Photo by R.Stevens
Photo by R.Stevens
Stevens: Japan's Yamanaka Here To Learn Joe's Ways
Courtesy: New Mexico Athletics  
Release:  04/03/2014

By Richard Stevens – Senior Writer/GoLobos.com

When cultures clash with a visit to foreign soil, there are a few items on a visitor’s agenda that take immediate priority.  Eating just might be number one on the list. The language of the stomach is universal.  A stomach growl in Japan is a stomach growl in America.

For Japan’s Miwako Yamanaka, who is on a one-year sojourn to study the crafty coaching ways of Joe Franklin, New Mexico’s track & field coach extraordinaire, there have been a few culinary breakthroughs.

“The food is good here,” said Yamanaka. “I like burritos and salsa and dip.”

Yamanaka hasn’t been in Albuquerque long enough (about three weeks) to answer the age-old question: Red or green?    But there is another obvious priority on her culture-clash list: communication. 

She needs to better understand Joe – and back at you.  It’s Yamanaka who is making the leap to hurdle the language hurdle.

“I’m learning English. Not good yet in conversations,” said Yamanaka through a captivating smile.  

“We are working with a language barrier,” said Franklin. “She is taking English classes at UNM and we communicate better every day.   

“Miwako is very outgoing, very energetic, and very positive in her approach. You can tell she is excited to be part of our coaching.  She is not reserved or quiet and is eager to help both our men and women runners.”

Yamanaka is a renowned long distance runner.  She won an international medal (bronze) at the 1997 Summer Universiade (Italy) at 10,000 meters.  She also won Kobe (Japan) Women’s Half Marathon in 2001 and won the 2002 Fukuoka (Japan) International Cross Country title.  She was fourth at the 2002 IAAF World Cross Country Championships held in Ireland and won the Chiba (Japan) International Cross Country run in 2005.

Now, she is on the coaching end of running.

She will be shadowing Franklin for about a year as a “Coaching Scholar in Residence”.  Her visit is part of Japan’s Overseas Training Program for Athletics Coaches. She is sponsored by the Japan Association of Athletics Federations which is that country’s national governing body for athletics.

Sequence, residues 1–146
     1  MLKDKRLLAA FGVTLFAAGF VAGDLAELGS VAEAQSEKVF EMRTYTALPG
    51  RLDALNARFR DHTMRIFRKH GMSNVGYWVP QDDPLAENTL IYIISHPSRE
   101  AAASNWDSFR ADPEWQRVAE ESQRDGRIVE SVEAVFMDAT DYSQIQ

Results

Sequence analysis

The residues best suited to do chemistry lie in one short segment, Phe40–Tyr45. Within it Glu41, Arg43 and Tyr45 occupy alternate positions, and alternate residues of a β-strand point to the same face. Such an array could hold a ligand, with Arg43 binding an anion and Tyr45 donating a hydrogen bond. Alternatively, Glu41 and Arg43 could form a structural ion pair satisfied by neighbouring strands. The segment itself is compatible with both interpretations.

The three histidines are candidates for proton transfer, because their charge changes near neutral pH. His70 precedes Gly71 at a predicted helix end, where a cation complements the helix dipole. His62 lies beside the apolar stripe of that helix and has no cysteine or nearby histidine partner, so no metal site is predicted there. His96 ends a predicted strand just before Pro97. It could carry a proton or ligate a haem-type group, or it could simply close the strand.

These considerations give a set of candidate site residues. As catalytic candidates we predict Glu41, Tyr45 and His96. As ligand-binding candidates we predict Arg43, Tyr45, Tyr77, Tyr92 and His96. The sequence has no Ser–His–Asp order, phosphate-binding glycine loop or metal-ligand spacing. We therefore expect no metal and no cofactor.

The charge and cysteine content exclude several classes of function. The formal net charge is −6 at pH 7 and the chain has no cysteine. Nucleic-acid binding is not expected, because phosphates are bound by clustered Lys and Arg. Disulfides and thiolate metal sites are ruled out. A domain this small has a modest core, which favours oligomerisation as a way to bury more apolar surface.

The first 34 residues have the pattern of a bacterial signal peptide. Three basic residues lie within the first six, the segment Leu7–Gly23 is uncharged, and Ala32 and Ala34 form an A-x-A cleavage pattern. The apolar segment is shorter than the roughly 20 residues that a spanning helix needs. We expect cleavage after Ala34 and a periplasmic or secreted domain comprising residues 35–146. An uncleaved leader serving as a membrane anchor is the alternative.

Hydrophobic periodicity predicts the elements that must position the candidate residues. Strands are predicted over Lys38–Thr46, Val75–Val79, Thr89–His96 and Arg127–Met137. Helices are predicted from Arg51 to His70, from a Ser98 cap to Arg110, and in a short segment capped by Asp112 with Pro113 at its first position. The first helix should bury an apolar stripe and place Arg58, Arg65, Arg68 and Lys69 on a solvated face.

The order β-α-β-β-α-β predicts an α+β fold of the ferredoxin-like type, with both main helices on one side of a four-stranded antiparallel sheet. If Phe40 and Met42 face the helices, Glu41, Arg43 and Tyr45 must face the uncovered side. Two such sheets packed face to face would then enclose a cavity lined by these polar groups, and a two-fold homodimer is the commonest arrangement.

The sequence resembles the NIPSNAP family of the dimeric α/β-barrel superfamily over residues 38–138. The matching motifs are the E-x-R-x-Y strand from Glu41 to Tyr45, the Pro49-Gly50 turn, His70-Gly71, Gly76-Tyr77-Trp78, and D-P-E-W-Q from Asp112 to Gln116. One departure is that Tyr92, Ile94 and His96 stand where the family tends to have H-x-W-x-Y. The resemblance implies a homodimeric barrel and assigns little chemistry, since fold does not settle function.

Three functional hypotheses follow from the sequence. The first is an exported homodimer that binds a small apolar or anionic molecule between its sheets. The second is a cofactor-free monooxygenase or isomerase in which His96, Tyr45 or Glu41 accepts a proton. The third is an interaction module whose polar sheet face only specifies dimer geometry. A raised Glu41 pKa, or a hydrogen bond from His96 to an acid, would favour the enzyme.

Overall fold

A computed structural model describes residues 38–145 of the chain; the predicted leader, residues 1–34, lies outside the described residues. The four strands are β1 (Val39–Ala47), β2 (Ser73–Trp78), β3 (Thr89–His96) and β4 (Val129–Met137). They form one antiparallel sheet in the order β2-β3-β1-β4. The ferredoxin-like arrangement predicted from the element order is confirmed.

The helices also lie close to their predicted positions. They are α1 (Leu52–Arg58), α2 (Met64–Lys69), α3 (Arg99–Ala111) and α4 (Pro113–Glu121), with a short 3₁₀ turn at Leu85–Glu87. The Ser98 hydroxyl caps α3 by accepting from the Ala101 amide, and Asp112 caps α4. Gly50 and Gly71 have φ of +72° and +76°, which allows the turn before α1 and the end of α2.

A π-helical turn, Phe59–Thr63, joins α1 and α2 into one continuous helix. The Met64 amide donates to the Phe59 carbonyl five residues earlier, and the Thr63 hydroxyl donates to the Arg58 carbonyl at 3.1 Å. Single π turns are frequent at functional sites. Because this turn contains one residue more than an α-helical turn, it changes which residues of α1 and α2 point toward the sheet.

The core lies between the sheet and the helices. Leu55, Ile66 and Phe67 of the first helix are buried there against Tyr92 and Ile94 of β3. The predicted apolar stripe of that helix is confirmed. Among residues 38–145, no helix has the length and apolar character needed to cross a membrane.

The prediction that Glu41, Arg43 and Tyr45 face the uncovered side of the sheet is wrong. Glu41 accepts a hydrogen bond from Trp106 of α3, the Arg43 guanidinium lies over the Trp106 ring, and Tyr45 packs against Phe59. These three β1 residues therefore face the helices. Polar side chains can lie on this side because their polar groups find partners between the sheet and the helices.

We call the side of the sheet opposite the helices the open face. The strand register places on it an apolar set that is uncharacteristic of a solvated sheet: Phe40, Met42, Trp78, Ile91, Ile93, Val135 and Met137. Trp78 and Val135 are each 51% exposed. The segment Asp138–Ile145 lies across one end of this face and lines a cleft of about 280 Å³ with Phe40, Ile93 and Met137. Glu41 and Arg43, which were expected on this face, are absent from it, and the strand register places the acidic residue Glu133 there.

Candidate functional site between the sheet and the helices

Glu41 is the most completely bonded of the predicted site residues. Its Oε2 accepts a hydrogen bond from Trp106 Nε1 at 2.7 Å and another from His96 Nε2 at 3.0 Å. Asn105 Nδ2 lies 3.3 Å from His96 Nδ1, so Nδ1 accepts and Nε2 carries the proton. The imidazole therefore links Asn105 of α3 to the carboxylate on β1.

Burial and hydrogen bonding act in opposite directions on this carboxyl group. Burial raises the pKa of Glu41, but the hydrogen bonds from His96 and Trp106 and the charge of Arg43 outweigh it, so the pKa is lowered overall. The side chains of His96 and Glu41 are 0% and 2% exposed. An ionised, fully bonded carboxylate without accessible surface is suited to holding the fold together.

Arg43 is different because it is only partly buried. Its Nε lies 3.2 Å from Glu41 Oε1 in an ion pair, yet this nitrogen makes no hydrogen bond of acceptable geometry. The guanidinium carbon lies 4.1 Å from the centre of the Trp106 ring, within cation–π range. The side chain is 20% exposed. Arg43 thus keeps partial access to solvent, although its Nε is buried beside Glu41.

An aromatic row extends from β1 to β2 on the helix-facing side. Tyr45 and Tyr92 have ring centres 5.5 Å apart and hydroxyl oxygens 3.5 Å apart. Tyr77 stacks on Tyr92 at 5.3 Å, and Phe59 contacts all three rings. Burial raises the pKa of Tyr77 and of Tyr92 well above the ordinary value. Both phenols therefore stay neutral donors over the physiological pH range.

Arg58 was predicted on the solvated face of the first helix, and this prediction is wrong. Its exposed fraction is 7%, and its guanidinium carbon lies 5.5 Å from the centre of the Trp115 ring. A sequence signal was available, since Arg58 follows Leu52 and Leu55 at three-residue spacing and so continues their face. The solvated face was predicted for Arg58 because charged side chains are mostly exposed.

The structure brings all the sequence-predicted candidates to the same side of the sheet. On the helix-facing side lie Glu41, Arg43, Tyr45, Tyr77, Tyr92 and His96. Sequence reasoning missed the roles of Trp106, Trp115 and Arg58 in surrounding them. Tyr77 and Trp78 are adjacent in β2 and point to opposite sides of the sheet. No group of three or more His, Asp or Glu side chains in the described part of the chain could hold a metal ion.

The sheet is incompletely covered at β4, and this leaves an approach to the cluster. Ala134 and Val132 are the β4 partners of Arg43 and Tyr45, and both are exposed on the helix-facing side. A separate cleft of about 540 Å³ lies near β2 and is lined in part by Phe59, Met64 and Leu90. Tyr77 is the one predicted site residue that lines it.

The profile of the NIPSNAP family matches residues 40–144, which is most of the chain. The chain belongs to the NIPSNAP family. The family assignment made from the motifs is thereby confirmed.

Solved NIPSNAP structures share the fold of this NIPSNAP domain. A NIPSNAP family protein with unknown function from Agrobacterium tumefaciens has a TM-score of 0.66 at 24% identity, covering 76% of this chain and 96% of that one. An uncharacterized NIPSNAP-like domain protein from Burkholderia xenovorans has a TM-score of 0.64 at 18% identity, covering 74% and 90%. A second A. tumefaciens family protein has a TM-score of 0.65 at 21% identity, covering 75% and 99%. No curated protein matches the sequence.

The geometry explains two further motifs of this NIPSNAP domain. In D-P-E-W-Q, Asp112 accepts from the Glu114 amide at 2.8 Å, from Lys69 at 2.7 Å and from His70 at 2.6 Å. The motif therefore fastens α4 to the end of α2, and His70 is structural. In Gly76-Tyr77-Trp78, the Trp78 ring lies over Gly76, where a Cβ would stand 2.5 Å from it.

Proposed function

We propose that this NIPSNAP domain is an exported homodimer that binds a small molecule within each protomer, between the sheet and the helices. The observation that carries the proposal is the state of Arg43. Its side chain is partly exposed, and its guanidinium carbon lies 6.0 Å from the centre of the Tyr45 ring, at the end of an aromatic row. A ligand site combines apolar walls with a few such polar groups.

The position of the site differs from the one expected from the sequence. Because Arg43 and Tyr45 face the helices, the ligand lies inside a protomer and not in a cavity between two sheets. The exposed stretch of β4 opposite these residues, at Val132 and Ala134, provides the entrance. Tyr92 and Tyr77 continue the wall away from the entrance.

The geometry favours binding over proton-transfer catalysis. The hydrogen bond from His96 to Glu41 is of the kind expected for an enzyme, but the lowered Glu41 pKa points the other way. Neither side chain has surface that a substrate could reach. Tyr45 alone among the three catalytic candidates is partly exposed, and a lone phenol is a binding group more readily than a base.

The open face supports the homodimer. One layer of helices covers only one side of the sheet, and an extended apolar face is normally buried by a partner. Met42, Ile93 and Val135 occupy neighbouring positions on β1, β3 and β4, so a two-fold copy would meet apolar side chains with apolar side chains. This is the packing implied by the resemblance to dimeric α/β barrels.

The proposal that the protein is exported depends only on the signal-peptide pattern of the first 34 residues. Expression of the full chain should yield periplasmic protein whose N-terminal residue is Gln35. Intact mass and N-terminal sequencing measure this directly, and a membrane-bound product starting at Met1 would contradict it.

Yamanaka said her No. 1 priority on her visit is “to learn different ways.”  She said Japanese long distance runners have been coming to the U.S. and to New Mexico for years to take advantage of elevation training.  She said Franklin’s success with long distance runners at Albuquerque’s elevation (5,000 feet) steered her to the University of New Mexico. 

She said she is interested in comparing the cultural differences between Japan and the U.S. in their approach to developing young athletes.  Yamanaka said already she is seeing and appreciating a different style of coaching.

“In Japan, the long distance running is very serious,” said Yamanaka. “There is more fun here. The runners seem to enjoy more the training for competition.  The Japanese runner is so serious. If you want to do something for a long time that (is difficult), you need to enjoy.  I’m very interested in Joe’s training methods.”

To grossly simplify Franklin’s method, it’s work hard, be mentally and physically prepared, and train and compete in a stress-free environment.  Yeah, his Lobos have a little fun and seem to enjoy the hard work and the hard miles that also bring success and titles.

Yamanaka says she plans to take what she learns back to Japan, but she also says she plans to bring her Daihatsu Motor Company-sponsored team to Albuquerque to train.  That team currently is using Flagstaff, Ariz., for high-elevation training.

“Japanese marathon and distance runners have trained in Albuquerque for years,” said Franklin. “The Japanese Athletics Federations want to improve their distance running, which already is excellent. So we have Miwako for a year.

“There aren’t really a lot of technical differences in how we train, but there are some cultural differences in how we approach things and how they approach things; how we interact with athletes and how they interact with athletes.   It’s not that one is better. It’s just that they are different.

“We hope to learn from Miwako.  She was a world-class runner and she brings a wealth of knowledge about the sport and knows what it takes to compete at a world-class level.  She is a great addition to our staff. It’s a great experience for me. She has a lot to offer.”